C.J.’s Bus brings toys and joy to tornado-ravaged Tuscaloosa
By Glenn Swain
On Saturday, a 40-foot customized black and yellow bus traveling south from Evansville, Ind. crossed over the Alabama line headed for Tuscaloosa, a town ravaged by the April 27th tornado that left more than 230 people dead and thousands homeless in Alabama alone. Suddenly, a large piece of wood flipped up from the road, cracking the radiator and bringing the bus to a quick, steamy stop. Kathryn Martin stepped out and inspected the damage to “C.J.’s Bus.” Although stranded momentarily, she counted her blessings. At least she still had a home and family back in Indiana.
Martin and a caravan of nearly a dozen volunteers were on their way to Tuscaloosa with C.J.’s Bus, a rapid-response self-contained mobile bus that goes to disaster sites in order to keep children entertained in the aftermath of natural disasters. Working with local and national emergency agencies, C.J.’s Bus provides a loving service that benefits families and children in communities hit by tornadoes and floods. Inside the vehicle are state-of-the-art games, toys, hula hoops, jump ropes and books for all ages. Children can also participate in activities such as painting, drawing, jewelry making and other crafts. Also inside is a healthy supply of clothing, blankets and pillows.
Sometimes the desire to give back is spawned from personal tragedy. On Nov. 6, 2005, Martin’s 2-year-old son, C.J., was killed when a deadly F3 tornado demolished Evansville’s Eastbrook mobile home park where she lived. Martin’s mother-in-law and grandmother-in-law were also killed.
A few months later when a tornado ripped through the neighboring town of Otwell, Ind., Martin instinctively gathered coloring books, crayons and juice boxes and drove her car to Otwell to find families with children and to help them. While doing so, Martin came up with the idea of a bus that could be driven to natural disasters to aid those affected.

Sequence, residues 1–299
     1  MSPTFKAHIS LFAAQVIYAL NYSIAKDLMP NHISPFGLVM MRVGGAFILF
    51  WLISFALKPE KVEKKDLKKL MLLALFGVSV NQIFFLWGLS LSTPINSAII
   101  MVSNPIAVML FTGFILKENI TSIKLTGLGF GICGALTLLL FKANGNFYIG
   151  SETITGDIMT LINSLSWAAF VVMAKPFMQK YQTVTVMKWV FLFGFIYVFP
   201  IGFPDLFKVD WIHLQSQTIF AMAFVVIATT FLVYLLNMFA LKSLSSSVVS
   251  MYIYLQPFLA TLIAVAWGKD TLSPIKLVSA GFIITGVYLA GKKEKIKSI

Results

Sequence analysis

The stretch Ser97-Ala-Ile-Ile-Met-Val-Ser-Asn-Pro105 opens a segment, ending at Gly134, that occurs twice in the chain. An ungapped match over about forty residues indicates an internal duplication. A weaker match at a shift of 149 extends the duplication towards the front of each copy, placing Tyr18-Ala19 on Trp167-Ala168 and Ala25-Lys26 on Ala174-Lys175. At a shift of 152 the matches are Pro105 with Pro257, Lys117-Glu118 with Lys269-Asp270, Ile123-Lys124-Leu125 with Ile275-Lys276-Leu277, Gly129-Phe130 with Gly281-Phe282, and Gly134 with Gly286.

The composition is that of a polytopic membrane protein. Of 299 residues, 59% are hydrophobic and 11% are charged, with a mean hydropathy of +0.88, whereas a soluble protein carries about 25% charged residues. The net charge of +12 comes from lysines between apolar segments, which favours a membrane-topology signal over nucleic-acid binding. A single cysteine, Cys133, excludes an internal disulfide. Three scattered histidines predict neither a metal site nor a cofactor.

A local business man donated a 1989 school bus. Grassroots fundraising paid for the customizing. The original bus was cut off at the front cab and stripped down. The floors, walls and mechanical workings of the bus were rebuilt with custom aerospace-type materials, light-weight aluminum and other materials. While the finished vehicle looks boxy, two sides fold out to provide about 260 square feet of usable play space.
Since its completion, C.J.’s Bus has delivered its cargo of games, toys, clothing and love to tornado and flooded areas in Arkansas, Kentucky and other states.
And now it’s Alabama.
On Sunday, after being towed into the city park, Martin and her volunteers expanded the sides of the bus and got word out they were open for visitors. A bus repairman would be called to fix the damaged radiator.
During a quiet moment Sunday afternoon, Martin walked to a hill and peered out on a destroyed landscape.
“It’s unreal,” Martin said. “There was nothing for miles but strewn cars and wood; just destruction. I wonder how the residents have hope it will be fixed.”
Within six hours nearly 70 children found C.J.’s Bus and enjoyed time at play, a welcome distraction from their bare-bones shelters and shattered homes. Some left with toys and books, along with blankets handmade by women in a retirement home back in Evansville.
Martin has no idea when C.J.’s Bus will pull out of Tuscaloosa; it all depends when area schools reopen. Until then, waves of children and their parents flow toward the yellow and black bus in the city’s park for comfort and a needed distraction from their surroundings.